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"saints, for the work of the ministry, for "the edifying of the body of Christ "."
In the true spirit of these scriptural representations of the Christian Church, the early converts to the Gospel appear, for a time at least, to have exhibited a heavenly pattern of brotherly love and religious unity, to which we shall vainly seek to find a parallel in any succeeding age. "They "continued stedfastly in the Apostles' "doctrine and fellowship"." "They had "all things in common, and sold their pos"sessions and goods, and parted them to "all men, as every man had need ";" " and the multitude of them that believed "were of one heart, and of one soul."
But when, at length, the restless passions of our corrupt nature began to operate even among the followers of the lowly Jesus, when dissensions interrupted their hitherto harmonious association, and threatened the unity of the Church, how did the Apostles conduct themselves in this new emergency? In what light did St.
n Eph. iv. 11, 12. P Acts ii. 44, 45.
。 Acts ii. 42.
Paul, of whose proceedings we have the most information, view the growing mischief;-St. Paul, the popular, the accommodating Apostle, who, on some occasions, could become "all things to all men";" and who, so far from possessing a disposition to be peremptory on minor points, declared that he would not "eat flesh so "long as the world stood," if he thereby caused his brother to offend "?" Is this, with him, a point of minor importance ? So far from it, that there is, perhaps, nothing on which he expresses himself with greater decision, not a practice which draws from him more thorough reprobation.
When addressing himself to his Corinthian converts, to a people even notorious for the vices commonly attendant on wealth and luxury, and whom he had to reprove for flagrant violations of morality, what constitutes his leading charge, what is evidently uppermost in his thoughts? not their immoralities, but their divisions. His ordinary form of salutation ended, he thus immediately commences, "Now I beseech r 1 Cor. ix. 22. s 1 Cor. viii. 13.
t 1 Cor. i. 10.
you, brethren, by the name of our Lord "Jesus Christ, that ye all speak the same thing, and that there be no divisions (oxioμara) among you, but that ye be
perfectly joined together in the same "mind and in the same judgment." With this introduction the whole Epistle corresponds; the main, the pervading object of which appears to have been, to reprove their strifes and dissensions; to warn them against an undue " preference for particular teachers; to furnish them with rules for the orderly * celebration of Divine worship, a point on which some had wantonly offended; to urge them to preserve their appointed stations in the ministry, "that "there might be no schism in the body;" and to guard them against presuming on their spiritual gifts, to the introduction of disorder, and the violation of that "charity," without which, a to speak with the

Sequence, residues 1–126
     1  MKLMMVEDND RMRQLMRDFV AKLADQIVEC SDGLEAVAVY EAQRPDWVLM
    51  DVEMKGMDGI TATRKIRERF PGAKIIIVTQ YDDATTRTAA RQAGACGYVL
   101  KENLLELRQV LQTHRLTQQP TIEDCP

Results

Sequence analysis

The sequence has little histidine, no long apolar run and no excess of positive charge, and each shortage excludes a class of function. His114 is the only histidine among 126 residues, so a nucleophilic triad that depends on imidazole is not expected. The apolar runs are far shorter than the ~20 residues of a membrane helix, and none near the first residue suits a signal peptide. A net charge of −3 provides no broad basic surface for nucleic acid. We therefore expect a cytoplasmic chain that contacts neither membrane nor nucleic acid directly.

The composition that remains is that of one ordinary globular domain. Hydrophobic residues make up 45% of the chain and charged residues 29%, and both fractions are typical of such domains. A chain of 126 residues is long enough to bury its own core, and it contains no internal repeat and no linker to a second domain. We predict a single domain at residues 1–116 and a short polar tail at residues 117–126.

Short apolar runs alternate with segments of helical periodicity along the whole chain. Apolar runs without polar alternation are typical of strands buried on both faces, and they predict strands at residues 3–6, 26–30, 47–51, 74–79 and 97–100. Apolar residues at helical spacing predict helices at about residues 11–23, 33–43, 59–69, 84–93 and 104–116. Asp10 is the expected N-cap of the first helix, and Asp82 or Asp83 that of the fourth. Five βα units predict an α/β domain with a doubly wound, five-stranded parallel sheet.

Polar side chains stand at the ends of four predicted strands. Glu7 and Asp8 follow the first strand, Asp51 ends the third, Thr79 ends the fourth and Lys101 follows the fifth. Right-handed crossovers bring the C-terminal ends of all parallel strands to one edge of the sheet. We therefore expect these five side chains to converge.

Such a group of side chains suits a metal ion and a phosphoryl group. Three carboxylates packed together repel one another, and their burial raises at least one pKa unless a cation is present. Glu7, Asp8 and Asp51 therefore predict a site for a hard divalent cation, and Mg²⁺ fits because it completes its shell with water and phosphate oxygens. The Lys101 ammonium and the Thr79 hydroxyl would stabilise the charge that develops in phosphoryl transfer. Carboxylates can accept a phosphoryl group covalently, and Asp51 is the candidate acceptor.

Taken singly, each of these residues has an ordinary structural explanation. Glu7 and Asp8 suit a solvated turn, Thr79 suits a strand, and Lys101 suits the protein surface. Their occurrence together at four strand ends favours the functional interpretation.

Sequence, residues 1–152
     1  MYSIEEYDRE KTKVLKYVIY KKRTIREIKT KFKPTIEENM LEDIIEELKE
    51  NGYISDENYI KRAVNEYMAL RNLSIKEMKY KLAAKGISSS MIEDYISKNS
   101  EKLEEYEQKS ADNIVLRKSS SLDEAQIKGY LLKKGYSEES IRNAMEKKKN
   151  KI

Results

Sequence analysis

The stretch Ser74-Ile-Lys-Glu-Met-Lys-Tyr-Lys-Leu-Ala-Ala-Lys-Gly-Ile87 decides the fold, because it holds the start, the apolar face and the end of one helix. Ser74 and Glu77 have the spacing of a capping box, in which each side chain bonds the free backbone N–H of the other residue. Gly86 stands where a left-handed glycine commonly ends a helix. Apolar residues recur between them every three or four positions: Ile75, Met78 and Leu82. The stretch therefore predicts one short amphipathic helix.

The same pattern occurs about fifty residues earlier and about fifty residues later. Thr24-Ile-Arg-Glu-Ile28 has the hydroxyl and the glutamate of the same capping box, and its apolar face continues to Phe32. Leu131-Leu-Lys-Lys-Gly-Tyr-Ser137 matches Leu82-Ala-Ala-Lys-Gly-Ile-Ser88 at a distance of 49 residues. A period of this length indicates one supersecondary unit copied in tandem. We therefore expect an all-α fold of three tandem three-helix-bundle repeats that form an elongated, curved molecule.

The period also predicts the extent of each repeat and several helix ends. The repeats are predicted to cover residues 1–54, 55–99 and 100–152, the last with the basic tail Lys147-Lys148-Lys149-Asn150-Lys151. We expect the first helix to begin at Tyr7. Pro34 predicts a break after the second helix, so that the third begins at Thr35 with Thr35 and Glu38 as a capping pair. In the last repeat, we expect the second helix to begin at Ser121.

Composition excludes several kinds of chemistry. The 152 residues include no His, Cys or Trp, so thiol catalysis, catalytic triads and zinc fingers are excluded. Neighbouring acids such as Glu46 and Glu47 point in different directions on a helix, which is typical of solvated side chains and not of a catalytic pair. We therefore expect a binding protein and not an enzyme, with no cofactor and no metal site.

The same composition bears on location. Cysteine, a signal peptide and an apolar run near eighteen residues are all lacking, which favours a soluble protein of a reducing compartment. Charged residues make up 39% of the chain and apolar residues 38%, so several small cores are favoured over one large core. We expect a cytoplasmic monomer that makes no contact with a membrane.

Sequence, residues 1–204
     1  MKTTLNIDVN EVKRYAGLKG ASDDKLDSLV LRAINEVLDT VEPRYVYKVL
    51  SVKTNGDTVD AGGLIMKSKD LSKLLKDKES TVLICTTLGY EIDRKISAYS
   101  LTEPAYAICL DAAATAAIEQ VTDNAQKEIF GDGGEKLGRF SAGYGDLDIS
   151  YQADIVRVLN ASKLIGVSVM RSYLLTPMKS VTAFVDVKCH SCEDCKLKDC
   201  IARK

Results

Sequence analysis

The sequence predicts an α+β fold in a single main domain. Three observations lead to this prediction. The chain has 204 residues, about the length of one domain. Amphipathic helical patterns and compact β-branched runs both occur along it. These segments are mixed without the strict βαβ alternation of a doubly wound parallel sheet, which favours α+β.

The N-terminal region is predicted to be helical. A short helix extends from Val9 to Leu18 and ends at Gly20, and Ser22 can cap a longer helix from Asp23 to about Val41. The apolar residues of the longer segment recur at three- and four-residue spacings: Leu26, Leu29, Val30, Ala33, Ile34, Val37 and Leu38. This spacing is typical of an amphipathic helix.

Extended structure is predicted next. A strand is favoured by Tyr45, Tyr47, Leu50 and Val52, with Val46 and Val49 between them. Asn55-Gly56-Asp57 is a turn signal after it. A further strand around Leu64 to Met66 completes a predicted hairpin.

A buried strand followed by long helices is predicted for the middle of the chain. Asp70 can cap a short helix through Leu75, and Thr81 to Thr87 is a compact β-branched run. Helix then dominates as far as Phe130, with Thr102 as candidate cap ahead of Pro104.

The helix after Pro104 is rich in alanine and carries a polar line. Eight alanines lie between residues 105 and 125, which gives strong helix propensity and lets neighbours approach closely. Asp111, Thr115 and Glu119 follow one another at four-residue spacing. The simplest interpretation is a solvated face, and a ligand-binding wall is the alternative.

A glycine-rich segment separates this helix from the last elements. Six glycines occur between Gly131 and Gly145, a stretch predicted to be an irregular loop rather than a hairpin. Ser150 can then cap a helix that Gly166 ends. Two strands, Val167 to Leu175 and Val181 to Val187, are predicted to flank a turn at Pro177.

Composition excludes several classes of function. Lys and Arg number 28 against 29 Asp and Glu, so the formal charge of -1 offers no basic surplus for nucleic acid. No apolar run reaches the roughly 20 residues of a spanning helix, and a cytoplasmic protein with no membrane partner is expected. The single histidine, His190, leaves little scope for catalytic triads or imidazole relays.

u 1 Cor. ch. i. ii. iii. ¡v.
y Ibid. ch. xii.
* Ibid. ch. xi.
z Ibid. ch. xiii. xiv.
a 1 Cor. xiii. 1-3. For remarks on the true scope of this celebrated chapter, as addressed to the schismatical Corinthians, in order to recommend to them that charity" which "beareth and endureth all things,"
"tongues of men and of angels, and un"derstand all mysteries and all knowledge, "would profit them nothing."
His Epistles indeed to all the Churches which he had planted, abound with the plainest precepts to the same effect. He exhorts his converts to "obey those that "have the rule over them";" to "walk by "the same rule;" to "stand fast in one Spirit, with one mind and one mouth glorifying Godd;" to "mark them who cause divisions;" to "keep the unity of "the Spirit in the bond of peace f." On some of these occasions, the high importance of his subject warms him to more than even his wonted animation and earnestness of manner. "Is Christ divided ?” says he; "was Paul crucified for you? or "were ye baptized in the name of Paul?" "If there be any consolation in Christ, if any comfort of love, if any fellowship of
rather than break the peace and unity of the Church, see Archdeacon Daubeny's Guide to the Church, Appendix, p. 297-299. second edit.
b Heb. xiii. 7.
d Phil. i. 27.
c Phil. iii. 16.
g 1 Cor. i. 13.
"the Spirit, if any bowels and mercies, ful"fil ye my joy, that ye be like-minded, having the same love, being of one ac"cord, of one mind."
Such a paramount importance does he attach to the peace and unity of the Church, that he allows no ordinary differences of opinion to afford the slightest pretext for divisions. Thus he is peculiarly earnest in his exhortations to accommodate our conduct to the prejudices of the weaker brother: and his advice to the Philippians breathes the same Christian spirit of conci
liation and peace. "If in any thing ye
"be otherwise minded, God shall reveal ❝even this unto you; nevertheless, where"to we have already attained, let us walk "by the same rule, let us mind the same thingi."
Of the unhallowed source and heinous guilt of schism he suffers not a doubt to remain. "Whereas," says he, "there is among
you envying, and strife, and divisions, are
Philip. ii. 1, 2.
i Phil. iii. 15, 16.
h 1 Cor. viii. 9-13.